While I’m loathe to post yet another update about a PTFS/Liblime merger, it seems the deal has now gone through. Past tense. The press release reads much like the previous one (though significant differences have been noted elsewhere).
There have also already been some slightly raised eyebrows about a particular pledge of PTFS’s “to enhance and maintain the http://www.koha.org site as the focal point for the world’ s Koha activities”. Following disputes of ownership and control of this domain in the past, koha-community.org has now been established as the website for the Koha community.
While having an agreed, single web presence for Koha may take a back seat to other complexities of the Liblime acquisition for now, it would be great to eventually see the realignment of Koha assets and acknowledgement of the role of the community. But, having said that, I’m quite keen to see what comes of this new(ish) acquisition.
Progressive Technology Federal Systems, Inc. (PTFS) have acquired Liblime, the self-professed “leader in Open Source solutions for libraries”. This is an interesting development in the world of commercial Koha/FOSS support and follows months of controversy over Liblime’s role in the Koha community. PTFS have recently moved into providing commercial support for libraries implementing Koha (although the validity of this has been debated ) but don’t seem to have show a particular affinity for FOSS development previously. The LibLime brand will remain within the PTFS structure to encompass its Koha support division. Library Journal has an interesting article on this acquisition and its implications for LibLime’s ownership of, among other things, the Koha trademark in the US, the Koha.org domain and LibLime Enterprise Koha. The hope is that these Koha assets will be donated back to the Horowhenua Library Trust (HLT), as the Koha community has requested. ByWater Solutions, another key player in the Koha community (who themselves recently joined forces with BibLibre), seem cautiously optimistic about this outcome.The acquisition also includes biblios.net, a promising social cataloguing tool who’s development has faltered a bit recently.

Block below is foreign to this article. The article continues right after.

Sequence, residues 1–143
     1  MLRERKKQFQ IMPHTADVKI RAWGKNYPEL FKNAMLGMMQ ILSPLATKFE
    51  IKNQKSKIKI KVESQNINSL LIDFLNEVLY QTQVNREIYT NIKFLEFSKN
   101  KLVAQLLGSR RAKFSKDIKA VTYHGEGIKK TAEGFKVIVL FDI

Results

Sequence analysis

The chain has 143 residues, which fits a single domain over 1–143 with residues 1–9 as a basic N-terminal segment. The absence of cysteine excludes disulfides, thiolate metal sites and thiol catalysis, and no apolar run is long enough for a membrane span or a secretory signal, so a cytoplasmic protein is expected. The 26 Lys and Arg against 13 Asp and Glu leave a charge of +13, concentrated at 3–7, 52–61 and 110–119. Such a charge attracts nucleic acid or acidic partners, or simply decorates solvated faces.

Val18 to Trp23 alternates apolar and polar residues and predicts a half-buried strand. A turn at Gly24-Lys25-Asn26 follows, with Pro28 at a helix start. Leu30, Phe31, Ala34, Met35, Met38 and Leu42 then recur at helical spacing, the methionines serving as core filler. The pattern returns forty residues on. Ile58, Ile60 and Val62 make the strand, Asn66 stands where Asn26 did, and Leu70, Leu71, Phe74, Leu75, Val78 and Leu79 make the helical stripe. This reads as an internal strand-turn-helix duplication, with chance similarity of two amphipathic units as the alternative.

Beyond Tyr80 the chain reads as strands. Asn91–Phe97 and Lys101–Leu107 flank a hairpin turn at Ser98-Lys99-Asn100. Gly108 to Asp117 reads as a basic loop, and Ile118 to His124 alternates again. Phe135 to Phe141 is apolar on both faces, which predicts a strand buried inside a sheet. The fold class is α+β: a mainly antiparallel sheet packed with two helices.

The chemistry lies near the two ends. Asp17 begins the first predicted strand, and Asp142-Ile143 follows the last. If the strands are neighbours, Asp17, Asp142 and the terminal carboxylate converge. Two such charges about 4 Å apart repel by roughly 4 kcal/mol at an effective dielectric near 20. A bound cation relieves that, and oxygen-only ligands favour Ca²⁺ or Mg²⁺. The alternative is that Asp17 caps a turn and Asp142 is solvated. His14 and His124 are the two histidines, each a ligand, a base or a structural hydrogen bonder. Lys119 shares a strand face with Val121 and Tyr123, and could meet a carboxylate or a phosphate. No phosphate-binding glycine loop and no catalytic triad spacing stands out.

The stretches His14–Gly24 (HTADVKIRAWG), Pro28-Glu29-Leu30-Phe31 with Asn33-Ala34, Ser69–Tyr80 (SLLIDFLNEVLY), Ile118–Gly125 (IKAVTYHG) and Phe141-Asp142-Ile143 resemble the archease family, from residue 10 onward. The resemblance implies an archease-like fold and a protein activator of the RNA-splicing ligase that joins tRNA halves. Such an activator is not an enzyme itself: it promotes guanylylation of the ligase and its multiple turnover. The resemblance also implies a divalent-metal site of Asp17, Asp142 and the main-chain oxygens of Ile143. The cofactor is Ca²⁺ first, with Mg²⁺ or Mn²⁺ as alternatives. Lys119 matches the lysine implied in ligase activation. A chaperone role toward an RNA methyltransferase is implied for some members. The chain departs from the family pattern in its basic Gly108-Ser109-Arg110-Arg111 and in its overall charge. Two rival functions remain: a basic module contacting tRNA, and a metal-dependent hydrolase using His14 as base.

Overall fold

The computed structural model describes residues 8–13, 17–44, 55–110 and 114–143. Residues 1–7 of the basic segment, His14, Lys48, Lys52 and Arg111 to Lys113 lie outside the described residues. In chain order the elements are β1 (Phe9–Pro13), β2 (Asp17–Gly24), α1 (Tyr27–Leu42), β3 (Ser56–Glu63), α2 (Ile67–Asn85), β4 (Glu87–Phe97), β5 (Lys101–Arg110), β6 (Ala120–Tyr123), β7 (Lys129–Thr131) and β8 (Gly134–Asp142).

Maybe, just maybe, this shakeup will provide a way out of the controversial forking of Koha but only time will tell.The acquisition is due to be completed by the end of January.
In other (non-commercial) Koha news, the very first Koha newsletter is now out, covering Koha events, news and tips and tricks.
OSS Watch have published an exhaustive look at Microsoft’s forays into open source. Microsoft: an end to open hostilities explores Microsoft’s sponsorship of the Apache Software Foundation, the establishment of The Codeplex Foundation and other Microsoft toes dipped into open source waters. Does this signal a new approach or is it just part of business as usual?
The article is very though-provoking for anyone interested in the impact of Free and Open Source Software (FOSS) developments on big business. It also brought to mind Brian Kelly‘s presentation at Internet Librarian International 2009 where he described Microsoft’s venture into open standards; the Office Open XML file format. All 6,000 pages of it.